I have been subjected to this for several years but most prominently for the past three years since a male VP became my boss. Together with the Senior VP, they have targeted me (and at least one other individual) for mobbing, and I’m at my wits end. I’ve been reduced to coming home crying to my husband, or taking a break at work and calling him to vent. I’ve always been a strong woman but they have been unrelenting in breaking me down. I do believe they are trying to either force me out or put me in such a way as to justify terminating me. They took away my staff but increased my work load several fold knowing I would not be able to manage and keep up with it. I was offered a new position and threatened that if I did not take it I would lose my job, only for them to turn around and offer it to someone else. I’ve been passed over time and again for promotions, only to be made to train those who are promoted over me so that they can do their jobs. My manager ignores most of my emails when I need direction and guidance in making business decisions, he refuses to look me in the eye, he constantly criticizes and demeans me, ignores me, lies to me, defends others over me, and the list goes on and on and on and on and on. It has affected my marriage, my family, my health. When applying for or offered other positions in the company, the VP and SVP always prevent me from moving forward by making sure I do not get the positions.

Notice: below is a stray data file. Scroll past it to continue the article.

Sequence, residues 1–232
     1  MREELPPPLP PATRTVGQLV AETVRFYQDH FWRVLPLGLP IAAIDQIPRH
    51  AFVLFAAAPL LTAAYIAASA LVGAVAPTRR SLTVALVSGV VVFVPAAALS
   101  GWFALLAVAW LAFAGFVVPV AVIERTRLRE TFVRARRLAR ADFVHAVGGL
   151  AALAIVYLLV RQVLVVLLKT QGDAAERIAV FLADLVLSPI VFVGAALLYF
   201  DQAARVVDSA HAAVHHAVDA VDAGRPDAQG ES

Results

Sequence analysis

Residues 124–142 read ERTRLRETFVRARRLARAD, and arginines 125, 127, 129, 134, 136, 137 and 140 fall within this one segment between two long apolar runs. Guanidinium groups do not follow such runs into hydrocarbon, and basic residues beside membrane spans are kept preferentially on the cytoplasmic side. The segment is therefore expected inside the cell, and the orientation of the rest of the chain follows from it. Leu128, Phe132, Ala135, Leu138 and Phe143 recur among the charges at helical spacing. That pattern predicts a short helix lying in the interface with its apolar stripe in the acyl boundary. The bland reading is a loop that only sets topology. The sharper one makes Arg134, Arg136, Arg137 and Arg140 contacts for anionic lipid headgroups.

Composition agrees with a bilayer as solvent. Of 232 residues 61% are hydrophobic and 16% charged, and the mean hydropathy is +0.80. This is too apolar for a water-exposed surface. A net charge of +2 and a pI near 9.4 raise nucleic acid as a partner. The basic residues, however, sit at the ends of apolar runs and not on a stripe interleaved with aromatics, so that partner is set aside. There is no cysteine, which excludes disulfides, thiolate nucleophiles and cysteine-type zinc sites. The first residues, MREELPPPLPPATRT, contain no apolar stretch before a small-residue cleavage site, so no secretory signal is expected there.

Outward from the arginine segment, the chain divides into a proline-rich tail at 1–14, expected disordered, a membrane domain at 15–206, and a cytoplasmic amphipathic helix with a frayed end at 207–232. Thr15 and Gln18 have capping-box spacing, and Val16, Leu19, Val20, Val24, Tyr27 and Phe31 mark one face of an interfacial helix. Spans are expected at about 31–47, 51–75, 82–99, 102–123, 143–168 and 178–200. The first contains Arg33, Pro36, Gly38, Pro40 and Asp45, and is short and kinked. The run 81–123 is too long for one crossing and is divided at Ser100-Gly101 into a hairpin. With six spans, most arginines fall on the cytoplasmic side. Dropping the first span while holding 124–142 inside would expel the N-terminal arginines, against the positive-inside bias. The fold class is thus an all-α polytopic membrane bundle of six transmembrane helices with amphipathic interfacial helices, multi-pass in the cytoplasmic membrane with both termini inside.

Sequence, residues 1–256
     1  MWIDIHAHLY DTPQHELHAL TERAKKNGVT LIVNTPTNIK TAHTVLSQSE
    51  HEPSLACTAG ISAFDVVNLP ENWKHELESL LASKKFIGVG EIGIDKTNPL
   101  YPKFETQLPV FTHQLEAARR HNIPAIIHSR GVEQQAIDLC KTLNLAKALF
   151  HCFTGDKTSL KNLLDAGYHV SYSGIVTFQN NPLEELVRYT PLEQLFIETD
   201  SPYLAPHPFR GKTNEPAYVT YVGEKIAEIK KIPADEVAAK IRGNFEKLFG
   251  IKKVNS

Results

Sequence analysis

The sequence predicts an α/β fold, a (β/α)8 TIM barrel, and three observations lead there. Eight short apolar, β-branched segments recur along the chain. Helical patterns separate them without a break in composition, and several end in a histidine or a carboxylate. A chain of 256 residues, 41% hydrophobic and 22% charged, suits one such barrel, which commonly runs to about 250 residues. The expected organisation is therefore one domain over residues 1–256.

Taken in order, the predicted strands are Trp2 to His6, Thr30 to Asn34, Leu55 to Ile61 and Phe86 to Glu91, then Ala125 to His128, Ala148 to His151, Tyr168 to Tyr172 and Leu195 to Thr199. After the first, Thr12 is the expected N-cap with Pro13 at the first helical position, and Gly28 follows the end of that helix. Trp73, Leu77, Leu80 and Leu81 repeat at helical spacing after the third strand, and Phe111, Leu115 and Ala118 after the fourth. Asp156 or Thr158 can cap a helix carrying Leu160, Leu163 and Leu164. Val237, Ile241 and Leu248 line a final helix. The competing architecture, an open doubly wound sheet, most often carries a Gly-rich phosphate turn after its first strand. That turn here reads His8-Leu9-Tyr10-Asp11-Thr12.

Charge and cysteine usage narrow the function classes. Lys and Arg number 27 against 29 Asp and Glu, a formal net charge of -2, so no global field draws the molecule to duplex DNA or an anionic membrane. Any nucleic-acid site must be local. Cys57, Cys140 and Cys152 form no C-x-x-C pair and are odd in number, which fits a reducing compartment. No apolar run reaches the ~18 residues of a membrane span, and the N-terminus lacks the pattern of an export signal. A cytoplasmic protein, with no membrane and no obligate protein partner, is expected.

2. Susan von Struensee says:

    This might give you a boost:

    Workplace Bullying Movement Gains Traction: Prompts Changes to Employer Liability Insurance Policies
    Definitely a blog that is worth reading: Minding the Workplace, the New Workplace Institute Blog, hosted by David Yamada,the author of the Healthy Workplace Bill and the leading legal figure behind the anti-bullying movement in the United States.

    The blog recently reported that an online insurance industry newsletter published by PropertyCasualty360.com (link here) reports that some employers are requesting that insurance companies include workplace bullying in their employment practice liability insurance (EPLI) policies.

    According to writer Susanne Sclafane, driving this trend is growing employer recognition that enactment of workplace bullying legislation (i.e., the Healthy Workplace Bill) is a real possibility. Susanne Sclafane writes for PropertyCasualty360.com. She is also the Managing Editor of National Underwriter, P&C magazine.